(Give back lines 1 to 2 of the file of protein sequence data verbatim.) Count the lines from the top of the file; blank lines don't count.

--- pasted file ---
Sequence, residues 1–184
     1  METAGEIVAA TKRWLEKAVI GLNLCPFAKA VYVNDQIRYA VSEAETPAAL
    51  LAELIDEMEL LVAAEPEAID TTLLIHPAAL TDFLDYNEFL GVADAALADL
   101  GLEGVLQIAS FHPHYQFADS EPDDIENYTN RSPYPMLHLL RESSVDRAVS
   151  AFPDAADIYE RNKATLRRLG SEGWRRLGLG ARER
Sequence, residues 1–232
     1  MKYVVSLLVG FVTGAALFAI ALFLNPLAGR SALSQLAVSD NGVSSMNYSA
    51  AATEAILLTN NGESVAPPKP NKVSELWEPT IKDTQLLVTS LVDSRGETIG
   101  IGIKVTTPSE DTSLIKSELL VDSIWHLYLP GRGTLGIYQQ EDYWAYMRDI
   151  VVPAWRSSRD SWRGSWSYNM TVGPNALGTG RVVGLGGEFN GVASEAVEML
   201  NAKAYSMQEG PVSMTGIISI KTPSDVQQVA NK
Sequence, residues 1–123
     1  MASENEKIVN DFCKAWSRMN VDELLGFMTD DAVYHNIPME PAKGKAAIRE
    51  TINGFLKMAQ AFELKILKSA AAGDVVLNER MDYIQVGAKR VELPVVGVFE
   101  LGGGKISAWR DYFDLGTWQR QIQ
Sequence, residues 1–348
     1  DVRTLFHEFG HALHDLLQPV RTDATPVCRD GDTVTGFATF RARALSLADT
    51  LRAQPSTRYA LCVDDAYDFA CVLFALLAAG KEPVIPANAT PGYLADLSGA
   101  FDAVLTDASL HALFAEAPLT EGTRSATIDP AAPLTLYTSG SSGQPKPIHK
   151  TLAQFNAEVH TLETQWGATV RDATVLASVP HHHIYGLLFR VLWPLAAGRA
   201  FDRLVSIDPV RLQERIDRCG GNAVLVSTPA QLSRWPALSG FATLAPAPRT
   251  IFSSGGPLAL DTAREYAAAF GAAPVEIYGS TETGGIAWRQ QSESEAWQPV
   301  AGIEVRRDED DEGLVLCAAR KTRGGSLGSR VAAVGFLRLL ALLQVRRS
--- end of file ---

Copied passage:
Sequence, residues 1–184
     1  METAGEIVAA TKRWLEKAVI GLNLCPFAKA VYVNDQIRYA VSEAETPAAL